Time to make: Up to three days
Price: Artworks from $1,600, $45 for Metabiotics
Web site: foleygallery.com

Kiton K50

Kiton K50

A “standard” Kiton suit is already one of the most luxurious things you can wear, but for the truly discerning clotheshorse, there’s the K50, so called because that’s how many are made each year. The reason for their scarcity: The 50 man hours required to create each suit are performed entirely by Kiton’s head tailor, Enzo D’Orsi, who will fly anywhere in the world for the suit’s three fittings, then hand-stitch it himself. Instead of cutting a pattern, D’Orsi makes his marks directly onto the superfine (12.9-14 microns) fabric of your choice while it’s against your body, leading to a suit that is unmatched in terms of fit, and, of course, price.

Time to make: 50 hours (plus travel time)
Price: $15,000-$70,000
Web site: kiton.it

Ken Parker Fly

Ken Parker Fly

The conventional wisdom on guitars is that if a Fender was good enough for Hendrix, it’s good enough for you. But Hendrix never got the chance to play Ken Parker’s Fly—if he had, he might have left the lighter fluid at home. Like all of Parker’s handmade axes, this top-of-the-line model is light (a mere five pounds) yet unusually strong, due to a thin layer of carbon and glass-fiber composite over the wooden body. Each Fly is made from a single piece of mahogany, chosen for its wide acoustical range, which Parker then hand-planes, removing just an eighth-of-an-inch at a time: Leave too much on and the guitar won’t resonate properly, take too much off and it’ll snap. The unique shape of the neck (which Parker has patented) eliminates the dead spots found on most fret boards (even high-end versions), and the Fly’s dual pickups, which were designed specially for Parker, allow players to create an incredible range of sounds. Provided, of course, they can actually play the guitar.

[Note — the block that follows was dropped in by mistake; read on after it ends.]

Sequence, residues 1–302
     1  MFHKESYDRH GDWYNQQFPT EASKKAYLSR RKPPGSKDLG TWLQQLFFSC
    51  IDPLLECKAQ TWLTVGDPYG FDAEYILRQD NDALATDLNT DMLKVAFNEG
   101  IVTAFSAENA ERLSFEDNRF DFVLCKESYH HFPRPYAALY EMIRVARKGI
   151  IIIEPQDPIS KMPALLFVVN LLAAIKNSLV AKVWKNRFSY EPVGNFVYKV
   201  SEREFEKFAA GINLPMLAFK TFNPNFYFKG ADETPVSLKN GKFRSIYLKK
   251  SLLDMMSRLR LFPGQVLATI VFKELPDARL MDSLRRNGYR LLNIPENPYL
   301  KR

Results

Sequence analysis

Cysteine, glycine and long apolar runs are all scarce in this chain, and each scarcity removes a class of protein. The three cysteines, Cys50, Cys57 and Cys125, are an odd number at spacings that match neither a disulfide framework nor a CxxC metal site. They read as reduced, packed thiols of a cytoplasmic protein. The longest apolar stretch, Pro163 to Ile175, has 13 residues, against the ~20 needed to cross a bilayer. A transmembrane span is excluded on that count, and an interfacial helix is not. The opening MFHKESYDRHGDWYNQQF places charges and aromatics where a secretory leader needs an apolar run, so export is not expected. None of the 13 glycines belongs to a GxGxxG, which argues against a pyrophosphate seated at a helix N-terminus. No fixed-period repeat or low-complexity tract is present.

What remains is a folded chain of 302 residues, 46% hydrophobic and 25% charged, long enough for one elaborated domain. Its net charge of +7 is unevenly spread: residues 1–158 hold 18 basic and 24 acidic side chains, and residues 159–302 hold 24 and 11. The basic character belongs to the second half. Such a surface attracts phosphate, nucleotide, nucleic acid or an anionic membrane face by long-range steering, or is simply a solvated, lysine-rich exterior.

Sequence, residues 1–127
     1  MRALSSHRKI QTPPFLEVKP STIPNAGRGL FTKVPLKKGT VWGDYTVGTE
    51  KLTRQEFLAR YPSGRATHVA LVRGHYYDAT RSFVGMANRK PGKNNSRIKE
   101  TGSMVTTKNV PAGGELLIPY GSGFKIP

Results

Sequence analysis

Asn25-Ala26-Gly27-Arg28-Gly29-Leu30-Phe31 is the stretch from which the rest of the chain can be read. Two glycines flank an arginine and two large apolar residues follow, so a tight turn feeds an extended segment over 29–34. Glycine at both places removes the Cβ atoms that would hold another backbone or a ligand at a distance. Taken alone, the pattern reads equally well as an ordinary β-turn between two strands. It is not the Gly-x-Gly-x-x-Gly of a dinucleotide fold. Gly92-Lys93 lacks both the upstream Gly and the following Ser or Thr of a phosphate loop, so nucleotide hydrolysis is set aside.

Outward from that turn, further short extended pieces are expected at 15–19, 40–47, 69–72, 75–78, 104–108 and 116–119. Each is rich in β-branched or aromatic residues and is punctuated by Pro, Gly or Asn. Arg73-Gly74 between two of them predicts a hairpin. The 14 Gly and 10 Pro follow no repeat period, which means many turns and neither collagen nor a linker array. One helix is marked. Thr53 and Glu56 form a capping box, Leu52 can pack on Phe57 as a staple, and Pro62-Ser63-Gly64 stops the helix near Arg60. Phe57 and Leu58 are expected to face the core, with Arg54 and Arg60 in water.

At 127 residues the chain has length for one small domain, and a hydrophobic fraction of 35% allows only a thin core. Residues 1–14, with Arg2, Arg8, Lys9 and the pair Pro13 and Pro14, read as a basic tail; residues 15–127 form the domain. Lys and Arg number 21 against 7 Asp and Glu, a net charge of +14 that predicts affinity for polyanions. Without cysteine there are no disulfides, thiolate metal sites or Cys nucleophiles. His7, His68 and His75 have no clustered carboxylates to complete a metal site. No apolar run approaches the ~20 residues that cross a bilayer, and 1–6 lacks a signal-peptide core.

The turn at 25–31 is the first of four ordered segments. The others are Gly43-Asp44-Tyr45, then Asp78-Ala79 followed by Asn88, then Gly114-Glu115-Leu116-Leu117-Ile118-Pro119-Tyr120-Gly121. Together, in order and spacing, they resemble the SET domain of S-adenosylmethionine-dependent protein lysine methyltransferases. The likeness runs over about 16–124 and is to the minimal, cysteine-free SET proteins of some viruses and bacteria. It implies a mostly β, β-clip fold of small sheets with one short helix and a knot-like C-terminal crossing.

Time to make: 16 hours over 10 days
Price: From $3,200
Web site: parkerguitars.com

Leben CS300X

Leben CS300X

Japan may be the land of electronics behemoths like Sony, but it’s also home to scores of artisans who hand-make small runs of speakers, turntables, and tube amps. Among the best is Leben—a company whose main business is switches and transformers, but which maintains an amp division simply to satisfy the creative urges of its owner, Taku Hyodo. His ten-man team takes four days to build each model, first making cables and condensers, then soldering switches and selectors onto the front and rear panels before finally—and delicately—inserting the Russian-made EL-84 vacuum tubes that give Leben amps their signature warmth. The solid-ash side panels and retro front detailing on the CS-300X pictured, as well as on its newer cousin, the CS-300S, don’t just look good—they’re also a reminder that new technology is not always an improvement.

Time to make: 10 men working for 4 days
Price: $2,995
Web site: lebenhifi.com

Zant Lederhosen

Zant Lederhosen

When Rufus Wainwright wants to look good in leather—and when doesn’t he, really?—the singer visits the Austrian company that has been outfitting the Porsche family in lederhosen for generations. The Zant family has been producing these traditional Alpen shorts for over 250 years, and they still make them by hand, using only the hides of red deer, so there’s no dye or tanning residue to irritate your skin. Zant pants are also fully custom-made, and six years of training and apprentice work is required before anyone’s allowed to make a pair. Depending on how much embroidery is desired, a single pair can take up to three weeks to make. However, because demand at Zant is so high—the Porsche clan apparently goes through a lot of leather shorts—a wait of 9 to 12 months is usually required.